The American Reinvestment and Recovery Act 2009 (ARRA) earmarks more than $800 million toward research on comparative effectiveness of medical treatments. In addition, more than $700 million is directed to the Agency for Healthcare Research and Quality, a research institution with a long history of evaluating effectiveness of treatments. With healthcare reform at the top of the agenda for the 111th Congress and the Obama administration, will a NICE-like entity be part of the reform package?
NICE, the National Institute for Health and Clinical Excellence, makes recommendations on how care, treatments, and medications are distributed through the United Kingdom’s National Health Service (NHS). More than 95% of the healthcare provided in Britain is through the NHS. Prior to NICE, hospitals made decisions about care based upon financial constraints which led to great disparities in care. NICE’s prior approval of drugs and treatments guarantees that all institutions offer the same care options.
Although the use of cost-benefit analysis to evaluate the appropriateness of medical treatments n the United States may seem unique, the state of Oregon first used such an approach more than 15 years ago. The plan’s administrators assembled research panels that reviewed hundreds of treatments, ranked them by benefit and cost, and produced an overall ranking of the treatments for which Medicaid should pay. Estimating the expected demand for each treatment, the administrators then applied the Medicaid budget to the costs of the treatments as ranked, thereby producing a list of approved treatments:
[Budget – (Treatment 1 Cost * Estimated Frequency) – (Treatment 2 Cost * Estimated Frequency) – etc.]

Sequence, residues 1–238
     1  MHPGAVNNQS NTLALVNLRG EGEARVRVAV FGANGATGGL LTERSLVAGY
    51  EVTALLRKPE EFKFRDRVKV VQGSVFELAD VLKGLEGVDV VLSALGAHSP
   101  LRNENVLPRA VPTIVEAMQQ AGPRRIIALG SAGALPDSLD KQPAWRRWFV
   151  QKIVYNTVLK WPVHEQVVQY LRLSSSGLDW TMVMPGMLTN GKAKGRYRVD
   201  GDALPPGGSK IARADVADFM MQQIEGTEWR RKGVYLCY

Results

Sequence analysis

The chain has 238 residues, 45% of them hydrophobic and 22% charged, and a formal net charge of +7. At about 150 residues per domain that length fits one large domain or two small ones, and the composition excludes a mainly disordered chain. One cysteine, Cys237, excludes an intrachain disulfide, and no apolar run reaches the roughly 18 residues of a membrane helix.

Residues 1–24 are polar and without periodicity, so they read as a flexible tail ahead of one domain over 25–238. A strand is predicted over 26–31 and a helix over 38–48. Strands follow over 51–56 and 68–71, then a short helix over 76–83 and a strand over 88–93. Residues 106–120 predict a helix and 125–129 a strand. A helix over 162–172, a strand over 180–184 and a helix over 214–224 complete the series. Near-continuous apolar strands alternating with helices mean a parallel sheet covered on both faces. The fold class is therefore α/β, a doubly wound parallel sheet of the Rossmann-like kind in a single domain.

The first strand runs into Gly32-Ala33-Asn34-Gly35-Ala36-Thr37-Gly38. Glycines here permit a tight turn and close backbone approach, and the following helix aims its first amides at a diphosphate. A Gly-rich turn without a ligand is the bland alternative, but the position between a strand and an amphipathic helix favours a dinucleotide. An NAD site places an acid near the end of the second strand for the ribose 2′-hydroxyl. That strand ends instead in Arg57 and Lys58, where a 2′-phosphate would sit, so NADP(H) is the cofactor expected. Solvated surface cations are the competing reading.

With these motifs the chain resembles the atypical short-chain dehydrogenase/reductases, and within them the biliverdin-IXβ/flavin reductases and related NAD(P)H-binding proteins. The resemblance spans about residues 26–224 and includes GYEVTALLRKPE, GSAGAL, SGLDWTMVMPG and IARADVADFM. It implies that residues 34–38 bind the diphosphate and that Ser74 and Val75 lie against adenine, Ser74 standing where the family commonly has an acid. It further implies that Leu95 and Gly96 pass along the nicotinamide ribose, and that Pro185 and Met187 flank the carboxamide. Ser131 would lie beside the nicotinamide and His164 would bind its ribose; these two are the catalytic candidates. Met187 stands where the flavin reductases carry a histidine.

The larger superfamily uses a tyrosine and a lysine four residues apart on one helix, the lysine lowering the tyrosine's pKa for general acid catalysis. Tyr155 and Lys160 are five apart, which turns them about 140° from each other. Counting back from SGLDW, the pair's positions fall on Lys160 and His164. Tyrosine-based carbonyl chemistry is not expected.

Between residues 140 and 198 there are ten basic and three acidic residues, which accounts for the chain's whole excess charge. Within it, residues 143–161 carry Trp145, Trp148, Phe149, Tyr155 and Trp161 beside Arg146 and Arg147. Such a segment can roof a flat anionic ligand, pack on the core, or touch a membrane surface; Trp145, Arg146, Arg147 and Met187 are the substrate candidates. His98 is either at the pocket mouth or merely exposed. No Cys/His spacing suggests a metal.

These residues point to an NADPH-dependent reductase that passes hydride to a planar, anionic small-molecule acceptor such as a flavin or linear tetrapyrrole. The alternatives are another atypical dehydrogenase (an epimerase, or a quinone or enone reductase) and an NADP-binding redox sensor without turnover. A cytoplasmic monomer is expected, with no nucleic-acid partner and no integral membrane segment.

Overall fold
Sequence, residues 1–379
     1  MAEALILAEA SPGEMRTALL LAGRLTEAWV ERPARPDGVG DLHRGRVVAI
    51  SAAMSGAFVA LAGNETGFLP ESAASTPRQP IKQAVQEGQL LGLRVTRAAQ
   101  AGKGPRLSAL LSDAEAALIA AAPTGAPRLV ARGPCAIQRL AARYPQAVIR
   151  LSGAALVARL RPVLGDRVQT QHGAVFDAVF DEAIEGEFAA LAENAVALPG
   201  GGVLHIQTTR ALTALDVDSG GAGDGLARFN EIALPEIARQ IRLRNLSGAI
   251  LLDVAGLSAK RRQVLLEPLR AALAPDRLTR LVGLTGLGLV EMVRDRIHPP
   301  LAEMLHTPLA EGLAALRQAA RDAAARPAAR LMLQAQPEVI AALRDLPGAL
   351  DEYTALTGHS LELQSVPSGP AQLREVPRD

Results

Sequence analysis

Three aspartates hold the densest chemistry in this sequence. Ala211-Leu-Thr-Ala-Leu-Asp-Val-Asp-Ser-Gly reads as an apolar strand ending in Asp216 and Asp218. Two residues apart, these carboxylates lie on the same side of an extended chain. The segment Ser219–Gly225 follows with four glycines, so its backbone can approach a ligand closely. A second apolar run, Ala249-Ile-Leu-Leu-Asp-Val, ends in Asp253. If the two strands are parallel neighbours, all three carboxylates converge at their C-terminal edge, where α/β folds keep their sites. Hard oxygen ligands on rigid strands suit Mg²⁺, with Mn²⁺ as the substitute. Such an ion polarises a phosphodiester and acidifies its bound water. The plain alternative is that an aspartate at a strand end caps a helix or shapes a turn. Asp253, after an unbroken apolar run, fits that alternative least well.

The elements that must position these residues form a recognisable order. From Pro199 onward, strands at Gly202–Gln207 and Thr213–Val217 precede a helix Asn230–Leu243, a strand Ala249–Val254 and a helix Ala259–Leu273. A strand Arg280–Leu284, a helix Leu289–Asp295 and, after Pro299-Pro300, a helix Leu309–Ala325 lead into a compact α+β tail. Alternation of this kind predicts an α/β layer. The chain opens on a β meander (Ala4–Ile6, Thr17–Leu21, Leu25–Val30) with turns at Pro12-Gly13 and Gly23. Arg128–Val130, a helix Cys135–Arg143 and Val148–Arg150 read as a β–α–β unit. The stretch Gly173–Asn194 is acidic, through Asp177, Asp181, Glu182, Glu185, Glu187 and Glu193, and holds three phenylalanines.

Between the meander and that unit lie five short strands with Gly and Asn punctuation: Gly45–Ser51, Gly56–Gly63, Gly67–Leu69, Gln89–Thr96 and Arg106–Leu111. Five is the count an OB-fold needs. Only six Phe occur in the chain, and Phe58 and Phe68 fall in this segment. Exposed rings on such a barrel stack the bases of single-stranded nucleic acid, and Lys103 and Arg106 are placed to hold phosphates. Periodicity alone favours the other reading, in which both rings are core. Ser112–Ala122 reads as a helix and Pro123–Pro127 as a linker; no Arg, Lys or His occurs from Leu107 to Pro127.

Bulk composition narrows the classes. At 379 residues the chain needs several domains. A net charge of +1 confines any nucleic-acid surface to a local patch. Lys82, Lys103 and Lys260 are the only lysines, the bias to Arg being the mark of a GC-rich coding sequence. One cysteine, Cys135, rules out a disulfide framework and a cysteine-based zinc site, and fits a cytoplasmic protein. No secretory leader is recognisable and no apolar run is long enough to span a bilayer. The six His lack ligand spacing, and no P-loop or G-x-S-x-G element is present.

The rejected treatments were those ranked where the budgeted Medicaid funds ran out. Since the list was developed from both cost-benefit analysis and budgeted amounts, many critics of the plan claimed it to be care rationing. Similar cries of foul currently exist in Britain.
Much of the resistance to healthcare reform in Congress and beyond is based on cost concerns. Even though the United States spends more than 30% more per capita on healthcare than any other country, healthcare policymakers struggle to find the sources of revenue to enact reform. The ARRA offers a large sum of money to research the same issues currently investigated by NICE. Perhaps the success of healthcare reform is dependent upon the ability of comparative effectiveness research to show the way to cost savings that can fund the reform.
How the Obama administration intends to apply comparative effectiveness research in future forms of healthcare delivery is unknown. Nevertheless, considering the large investment in this area, it makes sense that at some point it will be offered up as a source of revenue to pay for healthcare reform. This is the only way we can expand access and improve quality without bankrupting our economy and destroying American businesses.
Excerpts from: Is It Time to Play NICE?, PSQH, May/June, 2009